Storytelling is a beautiful thing. I gladly allow it to leak across my timetable, and find it hard to cull a good session when the kids are interested. It is memorable for them, and even with the older ones I teach, the act of pausing the daily routine, getting down onto the carpet, is one […]Read more "Improv(is)e Your Storytelling"
There are plenty of things that I don’t like about my office. I don’t like the fact that my swivel chair collapses on itself at unexpected moments, sending me juddering to the ground. I don’t like how my pens all disappear (though I know it is from me absent-mindedly leaving them all over the place). […]Read more "Shelf Life"
This year I will mostly be thinking about anecdotes. I find them fascinating; the way in which anecdotes are created and shared, the ability some people have to tell a good story, and the ways in which anecdotes and shared stories contribute towards happy social setups. This could be about kids in a classroom, about […]Read more "The Personal Stories of a Few Random Words"
Published in full in Teach Primary, here. Thanks TP for the stunning image to accompany this piece too. All credit to you and the artist. With heavy exhalations and after much eye-rubbing, I had finished drafting the curriculum map for the whole school for geography. I looked over it first with a sense of relief, […]Read more "A Simple Geography Map Task Exploring your Local Area can Produce Beautifully Complex Results"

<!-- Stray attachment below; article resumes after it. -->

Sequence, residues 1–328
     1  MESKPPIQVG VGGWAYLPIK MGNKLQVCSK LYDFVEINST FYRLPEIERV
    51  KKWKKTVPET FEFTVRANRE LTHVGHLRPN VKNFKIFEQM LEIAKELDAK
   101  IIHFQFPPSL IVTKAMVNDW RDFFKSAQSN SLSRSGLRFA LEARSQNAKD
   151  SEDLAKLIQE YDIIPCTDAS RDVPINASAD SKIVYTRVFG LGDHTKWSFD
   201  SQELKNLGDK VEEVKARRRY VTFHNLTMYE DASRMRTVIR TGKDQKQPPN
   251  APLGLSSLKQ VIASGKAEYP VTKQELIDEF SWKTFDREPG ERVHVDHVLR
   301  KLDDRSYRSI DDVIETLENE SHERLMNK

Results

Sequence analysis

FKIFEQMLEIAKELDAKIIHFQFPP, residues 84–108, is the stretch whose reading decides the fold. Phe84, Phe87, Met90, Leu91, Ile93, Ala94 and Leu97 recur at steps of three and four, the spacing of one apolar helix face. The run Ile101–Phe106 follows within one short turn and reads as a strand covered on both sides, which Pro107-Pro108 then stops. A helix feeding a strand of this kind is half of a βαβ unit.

Published in full here, in TeachPrimary Memory has a weak relationship with salience; mine does, at least. I remember a Year 10 geography lesson on the role of John Madejski in the regeneration of Reading not because it changed my life, or taught me anything in particular; I remember it happening because my brain plucks […]Read more "A Chance Canoeing Encounter With A Radical Marxist Teacher Changed My Life"
The whole post is published by Teach Primary here “That can’t be right”, I opine to myself, as I notice that I am down for a two-hour lunchtime duty in the playground every Friday. “That’s what we do here”, my new colleague replies (I had accidentally spoken aloud – a bad habit). “We find that […]Read more "We Need To Talk About Playground Duty"
If not later, when? Teaching is tightly timed. Given the number of children taught in schools, the number of lessons going on simultaneously and the need for children to access a certain breadth of curriculum, things are tightly sequenced and scheduled so every child has a body in the room telling them stuff. A typical […]Read more "‘If Not Later, When?’ Teaching clocklessly."